“Honorary degrees and lifetime achievement awards are very encouraging. I know that it might sound strange that a writer who has published many books still needs encouragement, but this is true” ~Joyce Carol Oates
Why are people in academia terribly uncomfortable with honorary degrees? Is it the 'Honour' that scares them or it is the word 'Degree' that offends them? While the motivation is not clear, except the jealous desire to protect their space, they have conspired to gang up against usually decent and respectable people in society who are awarded honorary degrees. As if on cue, they are quick to seize any forum to vent what seems like a pent-up frustration about why people who did not suffer like them at the hands of wicked supervisors, should ever share in the honour that is theirs alone.
Legon VC's Threat
At a recent brainstorming session organized by the School of Graduate Studies of the University of Ghana, speakers found convenient ways to divert the focus of the event theme –“Promoting PhD Education in Ghana”–to hack mercilessly into honorary degrees. Prof Oduro-Owusu, Vice Chancellor of University of Ghana, Legon, warned: “Let me stress once again that these titles are not supposed to be used. They are not PhDs; they are honorary degrees. So, if you have any of these titles lock them up and use your correct title.”
Another academic of repute, Prof Kwesi Yankah, tore into recipients of such honours, only stopping short at calling them fraudsters: “The false assumption of academic titles only devalues the discipline of title investiture, blurs the distinction between mediocrity and excellence and deprives society of opportunities to isolate its cherished values.” The distinction between a PhD and an Honorary Doctorate has never been lost on us. We know one is earned through rigorous academic work in a university while the other is merely an honour. But they are both earned and awarded.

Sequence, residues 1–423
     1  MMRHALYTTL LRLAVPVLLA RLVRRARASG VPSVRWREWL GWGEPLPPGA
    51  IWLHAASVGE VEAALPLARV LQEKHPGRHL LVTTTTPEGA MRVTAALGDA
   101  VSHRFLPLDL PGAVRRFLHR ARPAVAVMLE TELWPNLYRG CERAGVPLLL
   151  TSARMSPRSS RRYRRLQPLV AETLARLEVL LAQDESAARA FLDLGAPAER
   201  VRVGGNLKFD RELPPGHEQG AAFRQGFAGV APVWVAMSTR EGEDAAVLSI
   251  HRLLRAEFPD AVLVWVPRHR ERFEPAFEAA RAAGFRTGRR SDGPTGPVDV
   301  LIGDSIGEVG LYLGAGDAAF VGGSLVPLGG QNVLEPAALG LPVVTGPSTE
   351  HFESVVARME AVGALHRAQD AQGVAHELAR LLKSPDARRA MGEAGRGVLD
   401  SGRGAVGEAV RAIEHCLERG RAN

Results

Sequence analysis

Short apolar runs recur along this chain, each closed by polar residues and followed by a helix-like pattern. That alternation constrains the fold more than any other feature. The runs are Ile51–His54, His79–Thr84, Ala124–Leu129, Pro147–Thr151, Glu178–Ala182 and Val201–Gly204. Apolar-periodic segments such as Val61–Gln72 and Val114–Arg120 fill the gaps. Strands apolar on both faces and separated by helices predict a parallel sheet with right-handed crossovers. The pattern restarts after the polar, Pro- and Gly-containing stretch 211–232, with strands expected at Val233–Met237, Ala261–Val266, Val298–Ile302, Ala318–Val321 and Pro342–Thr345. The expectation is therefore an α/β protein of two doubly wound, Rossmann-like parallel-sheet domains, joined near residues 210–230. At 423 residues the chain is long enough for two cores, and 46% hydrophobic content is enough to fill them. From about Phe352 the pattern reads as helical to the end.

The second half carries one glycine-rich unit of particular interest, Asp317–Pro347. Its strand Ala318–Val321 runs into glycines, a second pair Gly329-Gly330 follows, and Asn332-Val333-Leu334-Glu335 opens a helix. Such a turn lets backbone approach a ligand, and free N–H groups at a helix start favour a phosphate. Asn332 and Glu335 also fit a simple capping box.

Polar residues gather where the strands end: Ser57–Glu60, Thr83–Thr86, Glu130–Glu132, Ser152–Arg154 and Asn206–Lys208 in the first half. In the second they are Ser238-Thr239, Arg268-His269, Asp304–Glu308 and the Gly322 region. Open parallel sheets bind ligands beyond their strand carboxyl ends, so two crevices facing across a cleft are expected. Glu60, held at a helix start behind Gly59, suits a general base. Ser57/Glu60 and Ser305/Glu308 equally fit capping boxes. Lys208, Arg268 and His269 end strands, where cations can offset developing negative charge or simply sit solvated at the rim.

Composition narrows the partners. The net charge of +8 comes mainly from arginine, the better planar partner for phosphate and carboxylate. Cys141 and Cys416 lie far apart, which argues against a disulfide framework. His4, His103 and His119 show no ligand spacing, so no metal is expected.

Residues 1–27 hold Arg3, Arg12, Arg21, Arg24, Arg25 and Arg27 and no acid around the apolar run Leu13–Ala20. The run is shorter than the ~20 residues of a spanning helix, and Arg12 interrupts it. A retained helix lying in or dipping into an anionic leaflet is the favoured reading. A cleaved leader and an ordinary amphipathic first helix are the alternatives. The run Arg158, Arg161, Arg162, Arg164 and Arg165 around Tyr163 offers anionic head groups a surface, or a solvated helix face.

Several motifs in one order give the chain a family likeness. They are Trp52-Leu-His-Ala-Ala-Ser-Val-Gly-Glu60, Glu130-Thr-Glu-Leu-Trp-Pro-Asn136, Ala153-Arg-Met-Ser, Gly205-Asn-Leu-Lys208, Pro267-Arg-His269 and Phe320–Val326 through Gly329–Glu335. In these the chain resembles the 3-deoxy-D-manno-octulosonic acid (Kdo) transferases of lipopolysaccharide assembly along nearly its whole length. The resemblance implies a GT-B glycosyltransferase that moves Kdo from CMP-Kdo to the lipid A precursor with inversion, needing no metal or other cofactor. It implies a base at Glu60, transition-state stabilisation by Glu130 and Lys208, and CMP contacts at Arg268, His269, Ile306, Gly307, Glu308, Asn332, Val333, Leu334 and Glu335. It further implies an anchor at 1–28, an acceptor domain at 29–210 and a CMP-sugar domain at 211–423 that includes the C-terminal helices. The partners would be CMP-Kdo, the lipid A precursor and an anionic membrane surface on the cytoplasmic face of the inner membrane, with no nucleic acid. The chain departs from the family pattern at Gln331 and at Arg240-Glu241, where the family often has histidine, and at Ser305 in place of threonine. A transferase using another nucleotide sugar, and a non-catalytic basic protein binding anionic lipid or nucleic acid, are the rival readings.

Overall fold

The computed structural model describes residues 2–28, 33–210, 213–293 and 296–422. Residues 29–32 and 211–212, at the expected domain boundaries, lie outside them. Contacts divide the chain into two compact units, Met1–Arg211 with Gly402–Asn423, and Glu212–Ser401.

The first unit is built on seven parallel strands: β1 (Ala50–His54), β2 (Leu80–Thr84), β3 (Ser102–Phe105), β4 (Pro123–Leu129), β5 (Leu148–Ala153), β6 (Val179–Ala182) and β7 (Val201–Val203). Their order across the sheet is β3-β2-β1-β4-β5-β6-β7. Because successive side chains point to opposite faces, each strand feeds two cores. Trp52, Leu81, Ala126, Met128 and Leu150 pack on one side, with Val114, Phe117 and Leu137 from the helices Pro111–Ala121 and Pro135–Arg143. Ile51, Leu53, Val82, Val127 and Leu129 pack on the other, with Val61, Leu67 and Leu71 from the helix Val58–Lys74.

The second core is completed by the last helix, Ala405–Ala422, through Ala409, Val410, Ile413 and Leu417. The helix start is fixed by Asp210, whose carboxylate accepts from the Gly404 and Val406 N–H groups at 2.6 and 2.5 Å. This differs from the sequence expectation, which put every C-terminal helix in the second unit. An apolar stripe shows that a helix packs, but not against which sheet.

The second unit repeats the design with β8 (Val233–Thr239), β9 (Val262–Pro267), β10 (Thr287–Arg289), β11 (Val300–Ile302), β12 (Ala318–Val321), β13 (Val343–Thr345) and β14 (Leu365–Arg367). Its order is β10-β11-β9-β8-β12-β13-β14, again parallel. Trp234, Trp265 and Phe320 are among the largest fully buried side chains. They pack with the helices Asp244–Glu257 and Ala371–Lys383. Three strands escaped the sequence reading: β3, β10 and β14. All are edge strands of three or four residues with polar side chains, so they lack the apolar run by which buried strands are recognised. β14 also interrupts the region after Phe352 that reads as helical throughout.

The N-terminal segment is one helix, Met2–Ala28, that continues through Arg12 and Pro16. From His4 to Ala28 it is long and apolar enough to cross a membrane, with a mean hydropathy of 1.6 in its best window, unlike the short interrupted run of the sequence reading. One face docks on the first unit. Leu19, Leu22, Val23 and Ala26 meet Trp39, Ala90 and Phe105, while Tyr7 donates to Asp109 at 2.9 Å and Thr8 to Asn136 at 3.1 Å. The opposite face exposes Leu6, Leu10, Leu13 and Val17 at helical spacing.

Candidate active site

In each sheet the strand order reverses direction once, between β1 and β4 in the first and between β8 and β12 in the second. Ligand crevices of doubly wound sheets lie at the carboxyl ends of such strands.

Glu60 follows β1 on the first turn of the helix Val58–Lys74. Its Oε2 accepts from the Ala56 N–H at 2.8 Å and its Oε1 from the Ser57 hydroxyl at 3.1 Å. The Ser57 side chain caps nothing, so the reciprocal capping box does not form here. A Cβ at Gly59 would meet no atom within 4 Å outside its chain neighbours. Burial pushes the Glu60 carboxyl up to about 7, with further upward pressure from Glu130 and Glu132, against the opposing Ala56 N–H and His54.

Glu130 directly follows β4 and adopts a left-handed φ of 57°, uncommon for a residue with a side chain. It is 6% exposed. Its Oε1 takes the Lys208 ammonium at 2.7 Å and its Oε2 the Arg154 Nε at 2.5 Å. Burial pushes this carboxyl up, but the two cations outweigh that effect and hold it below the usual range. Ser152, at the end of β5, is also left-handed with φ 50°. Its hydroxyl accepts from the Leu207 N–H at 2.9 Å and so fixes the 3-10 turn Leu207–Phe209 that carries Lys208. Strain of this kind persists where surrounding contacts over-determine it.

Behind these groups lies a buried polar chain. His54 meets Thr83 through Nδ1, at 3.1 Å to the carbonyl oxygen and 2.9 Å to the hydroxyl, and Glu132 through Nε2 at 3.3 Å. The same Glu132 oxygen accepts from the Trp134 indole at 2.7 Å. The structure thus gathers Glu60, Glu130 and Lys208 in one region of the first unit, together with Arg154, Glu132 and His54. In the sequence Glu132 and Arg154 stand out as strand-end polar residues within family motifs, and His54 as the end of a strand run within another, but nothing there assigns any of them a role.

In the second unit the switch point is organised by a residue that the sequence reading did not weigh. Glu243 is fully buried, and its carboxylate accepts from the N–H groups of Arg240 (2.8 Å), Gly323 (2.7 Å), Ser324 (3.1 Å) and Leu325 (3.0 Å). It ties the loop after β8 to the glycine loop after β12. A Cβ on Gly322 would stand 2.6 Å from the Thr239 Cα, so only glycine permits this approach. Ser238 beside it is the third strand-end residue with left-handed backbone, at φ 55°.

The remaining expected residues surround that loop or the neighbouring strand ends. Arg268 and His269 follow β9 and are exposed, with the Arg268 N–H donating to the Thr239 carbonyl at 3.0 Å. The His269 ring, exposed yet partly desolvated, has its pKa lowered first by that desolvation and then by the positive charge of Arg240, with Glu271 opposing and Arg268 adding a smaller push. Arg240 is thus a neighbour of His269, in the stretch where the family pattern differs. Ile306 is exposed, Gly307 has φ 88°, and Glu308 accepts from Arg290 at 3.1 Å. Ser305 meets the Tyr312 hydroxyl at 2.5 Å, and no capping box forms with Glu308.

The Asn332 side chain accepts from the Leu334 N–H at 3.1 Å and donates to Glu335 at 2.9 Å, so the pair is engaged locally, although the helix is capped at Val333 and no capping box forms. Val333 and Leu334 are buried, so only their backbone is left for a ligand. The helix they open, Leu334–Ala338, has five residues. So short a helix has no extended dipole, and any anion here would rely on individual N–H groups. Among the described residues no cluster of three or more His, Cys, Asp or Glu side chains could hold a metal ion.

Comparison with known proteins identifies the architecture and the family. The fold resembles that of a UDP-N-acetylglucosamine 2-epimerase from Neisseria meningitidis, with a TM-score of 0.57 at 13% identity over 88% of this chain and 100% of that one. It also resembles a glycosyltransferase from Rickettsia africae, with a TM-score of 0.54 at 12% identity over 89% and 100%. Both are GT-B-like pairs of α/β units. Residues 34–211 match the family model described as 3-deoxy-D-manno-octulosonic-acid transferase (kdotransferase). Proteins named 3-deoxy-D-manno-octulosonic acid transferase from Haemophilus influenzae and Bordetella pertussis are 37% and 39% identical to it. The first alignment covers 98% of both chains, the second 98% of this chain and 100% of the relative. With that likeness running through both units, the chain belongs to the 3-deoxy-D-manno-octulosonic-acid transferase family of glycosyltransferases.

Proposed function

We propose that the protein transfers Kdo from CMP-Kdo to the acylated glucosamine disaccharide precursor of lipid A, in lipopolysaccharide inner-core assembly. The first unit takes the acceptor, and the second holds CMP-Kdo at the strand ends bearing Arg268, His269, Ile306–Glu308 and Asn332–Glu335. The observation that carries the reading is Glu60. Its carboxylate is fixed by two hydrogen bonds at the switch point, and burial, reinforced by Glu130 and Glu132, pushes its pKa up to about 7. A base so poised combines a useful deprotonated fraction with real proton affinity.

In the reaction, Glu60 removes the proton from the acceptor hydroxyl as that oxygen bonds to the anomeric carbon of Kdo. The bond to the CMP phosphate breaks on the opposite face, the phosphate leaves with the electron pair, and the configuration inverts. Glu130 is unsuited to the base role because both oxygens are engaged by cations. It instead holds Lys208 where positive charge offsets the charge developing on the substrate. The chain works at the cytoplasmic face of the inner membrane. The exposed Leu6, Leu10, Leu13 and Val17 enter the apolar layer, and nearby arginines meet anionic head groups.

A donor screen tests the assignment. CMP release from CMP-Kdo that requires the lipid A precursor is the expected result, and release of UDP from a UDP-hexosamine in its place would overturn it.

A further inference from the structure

I have had the honour and privilege of sitting through the award ceremonies of PhDs and Honorary Doctorates in Ghana and abroad. They are not the same. The former is usually part of a mass ceremony where various types and classes of degrees are also awarded. The PhDs come first, usually with a little mention of their research topics. No special attention is given them beyond the applause from the congregation. They file out across the podium, like other awardees, shake hands with the Vice Chancellor or University Council Chairman (if they are lucky) and exit the stage quietly.
The award ceremonies for honorary doctorates are more beautiful, elaborate and almost surreal. They are held in honour of the awardees but may coincide with the usual congregation of a university. Sometimes, they are held separately on a special day for the awardees alone. Like the PhD award ceremony, friends and family of the honorary candidate come to support them. However, because the honorary award is usually based on recognized achievement and contribution to a cause, rather than academic merit, the award ceremony may be different. Elder Mireku's happened in a church.